When Ghostcrawler says that defense serves double duty he's talking about two areas. The first area is defense serving as a check against the level mobs you're fighting. If your defense isn't high enough, you're going to get your face crit off and eventually crushed. This is why level 80 tanks need 540 defense to go and tank mobs three levels higher than them.
The second area is defense serves a double duty in is its ability to provide raw tanking statistics. These include things such as block, dodge, parry, and miss. The more defense you have, the better those statistics are on your character. What these do exactly is beyond the scope of the article, but needless to say they're important to tanks.
So when GC says that these two combinations might be a little awkward he's talking about the interwoven nature of defense. However we can't exactly be sure what in this combination is awkward in his mind. My guess is that he's referring to this one "catch all" statistic that defense is. It is so important to each of those two areas that if a person wanted too, or needed to, focus on one statistic through gear it would be (relatively) more difficult to do so rather than focusing on them all. Further, having this catch all statistic serves to limit encounter design to some extent and presents odd situations.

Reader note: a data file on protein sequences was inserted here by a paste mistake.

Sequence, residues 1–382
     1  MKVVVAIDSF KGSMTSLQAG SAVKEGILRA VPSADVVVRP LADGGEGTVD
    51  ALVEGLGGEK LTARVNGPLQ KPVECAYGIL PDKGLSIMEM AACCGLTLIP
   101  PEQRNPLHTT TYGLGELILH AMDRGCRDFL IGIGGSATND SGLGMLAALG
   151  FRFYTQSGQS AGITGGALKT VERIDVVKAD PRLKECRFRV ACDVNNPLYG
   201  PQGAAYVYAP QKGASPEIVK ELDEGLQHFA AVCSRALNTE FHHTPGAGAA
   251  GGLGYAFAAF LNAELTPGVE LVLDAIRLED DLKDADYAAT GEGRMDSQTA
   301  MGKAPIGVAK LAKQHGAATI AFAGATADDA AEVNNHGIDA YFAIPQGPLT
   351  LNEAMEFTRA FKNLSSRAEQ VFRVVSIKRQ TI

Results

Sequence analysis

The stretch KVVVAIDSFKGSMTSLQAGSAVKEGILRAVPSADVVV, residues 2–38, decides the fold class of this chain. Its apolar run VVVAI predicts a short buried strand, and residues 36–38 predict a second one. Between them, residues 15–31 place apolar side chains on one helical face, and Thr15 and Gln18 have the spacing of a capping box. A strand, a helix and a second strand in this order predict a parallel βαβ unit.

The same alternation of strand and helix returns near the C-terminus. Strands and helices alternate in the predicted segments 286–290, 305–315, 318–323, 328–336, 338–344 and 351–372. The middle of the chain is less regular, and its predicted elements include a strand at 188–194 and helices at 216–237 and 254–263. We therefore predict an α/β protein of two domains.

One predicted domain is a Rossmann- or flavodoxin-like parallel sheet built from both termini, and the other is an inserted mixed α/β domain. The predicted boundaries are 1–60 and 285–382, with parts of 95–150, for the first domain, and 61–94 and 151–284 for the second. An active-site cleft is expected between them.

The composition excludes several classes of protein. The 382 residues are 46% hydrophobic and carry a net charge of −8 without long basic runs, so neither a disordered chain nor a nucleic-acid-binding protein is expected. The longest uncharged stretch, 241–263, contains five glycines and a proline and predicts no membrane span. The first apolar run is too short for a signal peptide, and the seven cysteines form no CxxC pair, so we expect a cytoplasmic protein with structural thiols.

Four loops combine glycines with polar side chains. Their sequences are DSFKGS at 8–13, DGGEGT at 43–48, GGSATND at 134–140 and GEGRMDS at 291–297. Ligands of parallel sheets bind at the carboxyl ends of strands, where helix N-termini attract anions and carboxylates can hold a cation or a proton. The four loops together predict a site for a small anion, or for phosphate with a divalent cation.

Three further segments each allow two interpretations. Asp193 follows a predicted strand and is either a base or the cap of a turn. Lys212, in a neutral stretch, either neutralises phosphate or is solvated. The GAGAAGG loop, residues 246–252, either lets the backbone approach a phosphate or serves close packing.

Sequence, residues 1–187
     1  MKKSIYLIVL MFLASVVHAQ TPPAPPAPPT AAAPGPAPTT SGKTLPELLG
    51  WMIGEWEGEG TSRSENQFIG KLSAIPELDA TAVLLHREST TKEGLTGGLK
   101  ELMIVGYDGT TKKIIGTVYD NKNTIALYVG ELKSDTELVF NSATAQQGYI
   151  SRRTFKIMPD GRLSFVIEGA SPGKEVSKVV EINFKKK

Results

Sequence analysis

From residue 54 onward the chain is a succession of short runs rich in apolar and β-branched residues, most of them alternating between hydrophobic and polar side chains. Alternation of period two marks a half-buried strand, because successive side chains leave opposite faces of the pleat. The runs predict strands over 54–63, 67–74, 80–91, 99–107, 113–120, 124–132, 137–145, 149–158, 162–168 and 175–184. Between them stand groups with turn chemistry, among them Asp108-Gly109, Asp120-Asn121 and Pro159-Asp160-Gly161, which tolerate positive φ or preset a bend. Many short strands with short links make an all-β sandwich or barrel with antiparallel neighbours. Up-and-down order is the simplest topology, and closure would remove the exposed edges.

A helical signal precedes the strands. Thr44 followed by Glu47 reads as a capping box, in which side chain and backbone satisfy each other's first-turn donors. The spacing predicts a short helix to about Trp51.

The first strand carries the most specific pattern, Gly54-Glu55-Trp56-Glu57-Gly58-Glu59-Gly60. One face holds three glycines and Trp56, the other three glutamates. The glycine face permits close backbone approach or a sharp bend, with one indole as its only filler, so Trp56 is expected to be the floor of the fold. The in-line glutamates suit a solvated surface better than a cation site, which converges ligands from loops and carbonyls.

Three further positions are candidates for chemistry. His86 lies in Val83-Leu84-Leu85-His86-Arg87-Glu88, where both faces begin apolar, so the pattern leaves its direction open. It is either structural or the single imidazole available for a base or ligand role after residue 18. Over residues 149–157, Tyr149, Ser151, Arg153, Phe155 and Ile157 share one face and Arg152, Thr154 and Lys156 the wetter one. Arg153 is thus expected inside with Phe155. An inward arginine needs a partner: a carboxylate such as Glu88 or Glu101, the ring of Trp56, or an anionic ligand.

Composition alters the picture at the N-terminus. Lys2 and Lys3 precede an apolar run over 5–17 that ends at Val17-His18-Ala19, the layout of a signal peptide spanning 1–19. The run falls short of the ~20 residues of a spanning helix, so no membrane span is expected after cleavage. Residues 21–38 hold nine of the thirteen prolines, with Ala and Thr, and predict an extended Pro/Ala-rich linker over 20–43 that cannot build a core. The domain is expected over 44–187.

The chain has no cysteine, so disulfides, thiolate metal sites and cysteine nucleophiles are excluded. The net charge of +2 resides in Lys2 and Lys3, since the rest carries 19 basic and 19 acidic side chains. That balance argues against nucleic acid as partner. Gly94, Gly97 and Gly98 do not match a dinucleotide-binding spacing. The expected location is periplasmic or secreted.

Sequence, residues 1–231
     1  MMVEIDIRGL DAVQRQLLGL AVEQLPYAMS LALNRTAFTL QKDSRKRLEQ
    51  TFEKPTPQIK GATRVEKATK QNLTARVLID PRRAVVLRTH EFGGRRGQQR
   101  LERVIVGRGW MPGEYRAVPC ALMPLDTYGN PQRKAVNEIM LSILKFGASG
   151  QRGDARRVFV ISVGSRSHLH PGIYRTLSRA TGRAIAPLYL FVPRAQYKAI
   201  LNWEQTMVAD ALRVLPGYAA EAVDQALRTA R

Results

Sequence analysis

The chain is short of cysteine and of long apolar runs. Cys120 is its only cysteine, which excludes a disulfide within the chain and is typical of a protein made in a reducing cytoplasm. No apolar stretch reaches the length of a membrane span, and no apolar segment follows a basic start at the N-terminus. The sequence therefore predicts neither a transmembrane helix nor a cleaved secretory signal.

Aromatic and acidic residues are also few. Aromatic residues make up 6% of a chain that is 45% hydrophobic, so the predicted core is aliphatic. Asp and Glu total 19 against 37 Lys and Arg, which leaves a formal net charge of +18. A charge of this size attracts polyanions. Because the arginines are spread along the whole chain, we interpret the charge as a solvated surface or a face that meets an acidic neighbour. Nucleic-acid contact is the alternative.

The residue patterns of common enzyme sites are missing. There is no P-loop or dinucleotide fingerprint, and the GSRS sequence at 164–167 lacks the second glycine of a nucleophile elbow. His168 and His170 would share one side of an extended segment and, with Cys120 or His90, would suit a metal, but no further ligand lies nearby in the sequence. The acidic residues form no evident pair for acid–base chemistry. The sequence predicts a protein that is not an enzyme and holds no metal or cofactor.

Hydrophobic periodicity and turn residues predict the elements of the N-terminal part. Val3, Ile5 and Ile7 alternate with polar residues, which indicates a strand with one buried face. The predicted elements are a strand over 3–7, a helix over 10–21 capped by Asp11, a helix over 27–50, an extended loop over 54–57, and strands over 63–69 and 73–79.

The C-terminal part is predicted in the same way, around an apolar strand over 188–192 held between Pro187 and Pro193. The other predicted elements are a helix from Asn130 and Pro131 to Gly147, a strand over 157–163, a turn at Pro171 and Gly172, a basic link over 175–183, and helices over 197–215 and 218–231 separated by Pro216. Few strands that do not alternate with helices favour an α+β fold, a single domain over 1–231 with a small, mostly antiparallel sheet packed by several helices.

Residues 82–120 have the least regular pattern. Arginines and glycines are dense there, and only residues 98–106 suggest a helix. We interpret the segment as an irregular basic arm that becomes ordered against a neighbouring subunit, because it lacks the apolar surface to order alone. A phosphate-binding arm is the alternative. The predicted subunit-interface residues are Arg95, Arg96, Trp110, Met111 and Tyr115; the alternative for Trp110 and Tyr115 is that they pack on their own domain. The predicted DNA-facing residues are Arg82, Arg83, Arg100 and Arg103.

An odd situation is a "boss" mob being three levels higher than you, yet tuned to level 60 damage. Ie: Onyxia.
The other insight Ghostcrawler gives into defense comes along the same lines, that it provides both mitigation and avoidance. As stated above, defense increases block, dodge, parry, and miss. If it only increase block they might have an easier time balancing classes and abilities across the board.
If you look at the four tanking classes (Druid, Death Knight, Paladin, and Warrior) you can see the different ways some of these statistics play out. Druids like to have a lot of dodge, but block does nothing for them. Death Knights like to have a lot of parry, but block does nothing for them and dodge isn't the most desirable statistic. Paladins are happy with block (to some extent), but they're not really avoidance tanks. Warriors can come up with gear combinations to use all three.
The above paragraph will probably get some loud and proud disagreement based on individual's tanking style and opinions, and that's okay. Nonetheless, it does show how the statistic could use greater fine tuning in the balancing act across classes.
It's interesting to note that defense serves the Warrior class the best in its versititly based on gear and ability rotation. It goes to show that defense as a statistic is more a throwback to vanilla WoW when Warriors were the de facto tanks.
With these bits of philosophical underpinnings in mind, Ghostcrawler does say that changing some things is a possibility. However a change to defense that would solve the above is something that would change the fundamental game mechanics. That is likely something we'll only see in the next expansion (if ever).